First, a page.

There is a “powerful case” for police officers and other key workers such as teachers to get priority for Covid-19 vaccines, Scotland’s most senior police officer has said.
Chief Constable Iain Livingstone said hundreds of police officers and staff already have benefits from being given “surplus” vaccines – unused jabs which would otherwise have gone to waste.
He said he would continue to make the case to the Scottish Government that Police Scotland officers and staff should be a priority group, once the initial rollout of the vaccine to those aged 50 and above and those with underlying medical conditions has been completed.
The Chief Constable spoke as he gave his latest update to the Scottish Police Authority (SPA).
He stressed it was an “an absolute priority” for him to ensure the safety of his staff, saying this “goes to the core purpose of my duties as Chief Constable”.
A paper from him ahead of the SPA meeting disclosed that by February 15, more than 400 officers and staff had received the first dose of the vaccination as part of an initiative in which local health boards give “surplus vaccines, which would otherwise be wasted, to frontline officers and staff”.
Mr Livingstone said he was “pleased to report, to ensure where surplus vaccine become available which would otherwise be wasted, that they can be taken up by officers and staff working right across Scotland in local communities”.
He added: “This is a real positive initiative which has provided already hundreds of officers and staff with vaccinations which otherwise would have been wasted.”
The Chief Constable and other senior figures from Police Scotland will also “continue to discuss the national vaccination programme with the Scottish Government ministers and senior officials”, he said.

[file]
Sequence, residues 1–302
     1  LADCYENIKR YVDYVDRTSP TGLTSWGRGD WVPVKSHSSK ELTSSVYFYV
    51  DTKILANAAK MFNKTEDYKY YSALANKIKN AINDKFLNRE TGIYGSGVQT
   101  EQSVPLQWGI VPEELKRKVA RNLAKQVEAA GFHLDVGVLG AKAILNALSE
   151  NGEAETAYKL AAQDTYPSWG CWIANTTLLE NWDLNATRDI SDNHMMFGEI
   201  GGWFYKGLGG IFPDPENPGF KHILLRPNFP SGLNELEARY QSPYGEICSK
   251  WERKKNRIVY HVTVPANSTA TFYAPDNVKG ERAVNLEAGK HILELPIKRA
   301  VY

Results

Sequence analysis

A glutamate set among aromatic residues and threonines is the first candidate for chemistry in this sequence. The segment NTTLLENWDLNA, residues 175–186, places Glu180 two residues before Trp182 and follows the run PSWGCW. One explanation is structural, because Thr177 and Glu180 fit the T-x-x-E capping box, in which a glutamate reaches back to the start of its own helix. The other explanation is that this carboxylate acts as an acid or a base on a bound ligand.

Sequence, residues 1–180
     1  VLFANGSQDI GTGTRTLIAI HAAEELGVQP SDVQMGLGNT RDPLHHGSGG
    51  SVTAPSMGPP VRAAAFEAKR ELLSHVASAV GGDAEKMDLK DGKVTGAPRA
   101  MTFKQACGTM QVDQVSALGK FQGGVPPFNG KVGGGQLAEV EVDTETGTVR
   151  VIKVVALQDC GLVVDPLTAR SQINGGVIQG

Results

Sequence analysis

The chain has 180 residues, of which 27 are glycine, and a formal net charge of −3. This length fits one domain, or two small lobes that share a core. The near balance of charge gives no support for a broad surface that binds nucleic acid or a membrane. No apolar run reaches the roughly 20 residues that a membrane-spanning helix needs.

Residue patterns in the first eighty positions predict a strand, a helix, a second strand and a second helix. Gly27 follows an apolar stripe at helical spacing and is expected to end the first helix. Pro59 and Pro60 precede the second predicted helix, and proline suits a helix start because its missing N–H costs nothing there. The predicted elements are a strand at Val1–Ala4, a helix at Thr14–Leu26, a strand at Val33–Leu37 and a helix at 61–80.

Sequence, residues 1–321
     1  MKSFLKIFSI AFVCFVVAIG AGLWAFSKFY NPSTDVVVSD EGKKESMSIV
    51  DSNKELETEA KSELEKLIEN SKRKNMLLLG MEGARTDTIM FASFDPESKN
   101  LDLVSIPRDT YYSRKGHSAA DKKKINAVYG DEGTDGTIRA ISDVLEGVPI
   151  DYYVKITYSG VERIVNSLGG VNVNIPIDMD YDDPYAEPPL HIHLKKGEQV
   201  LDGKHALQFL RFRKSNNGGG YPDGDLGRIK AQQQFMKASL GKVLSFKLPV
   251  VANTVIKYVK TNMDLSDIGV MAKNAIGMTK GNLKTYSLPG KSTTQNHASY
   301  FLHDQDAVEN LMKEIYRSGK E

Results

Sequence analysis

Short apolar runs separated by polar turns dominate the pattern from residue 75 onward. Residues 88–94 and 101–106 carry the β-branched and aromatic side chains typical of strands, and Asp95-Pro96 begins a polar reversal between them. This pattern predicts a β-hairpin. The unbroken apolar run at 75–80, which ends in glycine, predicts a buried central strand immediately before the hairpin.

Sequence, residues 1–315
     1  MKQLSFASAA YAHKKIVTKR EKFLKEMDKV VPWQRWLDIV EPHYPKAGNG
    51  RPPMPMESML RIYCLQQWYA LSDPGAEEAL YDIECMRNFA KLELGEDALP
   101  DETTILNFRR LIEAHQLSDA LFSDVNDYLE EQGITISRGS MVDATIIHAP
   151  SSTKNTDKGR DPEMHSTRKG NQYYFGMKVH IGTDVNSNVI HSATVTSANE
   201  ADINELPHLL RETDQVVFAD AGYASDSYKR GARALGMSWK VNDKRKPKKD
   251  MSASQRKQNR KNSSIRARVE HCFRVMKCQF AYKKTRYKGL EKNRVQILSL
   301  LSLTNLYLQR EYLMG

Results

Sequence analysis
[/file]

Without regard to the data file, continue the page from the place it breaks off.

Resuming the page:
The police will stress the “legitimate concerns of officers and staff about exposure they encounter during their daily duties”.
He spoke about how the job of the police involved officers “taking themselves into situations of danger, taking themselves into places where people are breaching the coronavirus guidelines, and the anxiety and concern that comes from that”.
He said: “There is, in my view, a strong case to protect officers and staff through vaccination, and through vaccination of officers and staff, therefore, protect the public that they serve.
“I will continue to advocate on their behalf into senior levels of government.”
Mr Livingstone added there was a “very powerful case for police officers and police staff, indeed school teachers and nursery care workers and others involved in public life, key workers”, to be a priority for vaccines.
The jabs are currently being given out in line with guidance from the Joint Committee on Vaccination and Immunisation, with Mr Livingstone saying this list was “clinically led” and focused on achieving the “greatest impact of vaccination”.
But he told the SPA: “I think there is an understanding within government of the concerns of policing and I will continue to advocate on behalf of policing and voice those concerns in a proportionate and legitimate manner.”